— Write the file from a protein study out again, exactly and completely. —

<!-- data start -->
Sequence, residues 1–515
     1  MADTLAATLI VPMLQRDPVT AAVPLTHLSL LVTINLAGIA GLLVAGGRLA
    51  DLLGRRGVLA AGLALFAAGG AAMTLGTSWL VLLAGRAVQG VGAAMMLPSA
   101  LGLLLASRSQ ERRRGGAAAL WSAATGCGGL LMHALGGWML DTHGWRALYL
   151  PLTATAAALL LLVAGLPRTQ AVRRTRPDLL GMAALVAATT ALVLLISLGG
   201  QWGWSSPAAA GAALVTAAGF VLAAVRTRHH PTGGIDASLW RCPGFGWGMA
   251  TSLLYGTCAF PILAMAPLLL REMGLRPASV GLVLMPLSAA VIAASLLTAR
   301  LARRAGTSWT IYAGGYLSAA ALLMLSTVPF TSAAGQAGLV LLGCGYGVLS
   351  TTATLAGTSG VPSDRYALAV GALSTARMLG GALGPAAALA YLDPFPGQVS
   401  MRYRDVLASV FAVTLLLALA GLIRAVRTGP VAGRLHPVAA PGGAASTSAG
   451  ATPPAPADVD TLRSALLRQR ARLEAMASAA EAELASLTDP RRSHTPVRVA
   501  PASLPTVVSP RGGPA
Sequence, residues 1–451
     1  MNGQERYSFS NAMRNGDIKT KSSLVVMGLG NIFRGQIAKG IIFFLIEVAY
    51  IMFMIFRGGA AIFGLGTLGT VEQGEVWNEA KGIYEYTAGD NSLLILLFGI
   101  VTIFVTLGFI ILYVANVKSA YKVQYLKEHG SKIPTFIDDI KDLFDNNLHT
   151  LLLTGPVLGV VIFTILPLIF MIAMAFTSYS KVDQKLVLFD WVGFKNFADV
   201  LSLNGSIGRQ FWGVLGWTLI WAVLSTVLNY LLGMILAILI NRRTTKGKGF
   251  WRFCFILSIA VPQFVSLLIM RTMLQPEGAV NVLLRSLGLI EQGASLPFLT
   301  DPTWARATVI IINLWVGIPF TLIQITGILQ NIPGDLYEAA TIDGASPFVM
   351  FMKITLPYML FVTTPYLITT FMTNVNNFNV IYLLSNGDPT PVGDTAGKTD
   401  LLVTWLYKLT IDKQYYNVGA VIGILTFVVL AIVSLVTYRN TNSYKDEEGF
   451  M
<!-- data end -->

Sequence, residues 1–515
     1  MADTLAATLI VPMLQRDPVT AAVPLTHLSL LVTINLAGIA GLLVAGGRLA
    51  DLLGRRGVLA AGLALFAAGG AAMTLGTSWL VLLAGRAVQG VGAAMMLPSA
   101  LGLLLASRSQ ERRRGGAAAL WSAATGCGGL LMHALGGWML DTHGWRALYL
   151  PLTATAAALL LLVAGLPRTQ AVRRTRPDLL GMAALVAATT ALVLLISLGG
   201  QWGWSSPAAA GAALVTAAGF VLAAVRTRHH PTGGIDASLW RCPGFGWGMA
   251  TSLLYGTCAF PILAMAPLLL REMGLRPASV GLVLMPLSAA VIAASLLTAR
   301  LARRAGTSWT IYAGGYLSAA ALLMLSTVPF TSAAGQAGLV LLGCGYGVLS
   351  TTATLAGTSG VPSDRYALAV GALSTARMLG GALGPAAALA YLDPFPGQVS
   401  MRYRDVLASV FAVTLLLALA GLIRAVRTGP VAGRLHPVAA PGGAASTSAG
   451  ATPPAPADVD TLRSALLRQR ARLEAMASAA EAELASLTDP RRSHTPVRVA
   501  PASLPTVVSP RGGPA
Sequence, residues 1–451
     1  MNGQERYSFS NAMRNGDIKT KSSLVVMGLG NIFRGQIAKG IIFFLIEVAY
    51  IMFMIFRGGA AIFGLGTLGT VEQGEVWNEA KGIYEYTAGD NSLLILLFGI
   101  VTIFVTLGFI ILYVANVKSA YKVQYLKEHG SKIPTFIDDI KDLFDNNLHT
   151  LLLTGPVLGV VIFTILPLIF MIAMAFTSYS KVDQKLVLFD WVGFKNFADV
   201  LSLNGSIGRQ FWGVLGWTLI WAVLSTVLNY LLGMILAILI NRRTTKGKGF
   251  WRFCFILSIA VPQFVSLLIM RTMLQPEGAV NVLLRSLGLI EQGASLPFLT
   301  DPTWARATVI IINLWVGIPF TLIQITGILQ NIPGDLYEAA TIDGASPFVM
   351  FMKITLPYML FVTTPYLITT FMTNVNNFNV IYLLSNGDPT PVGDTAGKTD
   401  LLVTWLYKLT IDKQYYNVGA VIGILTFVVL AIVSLVTYRN TNSYKDEEGF
   451  M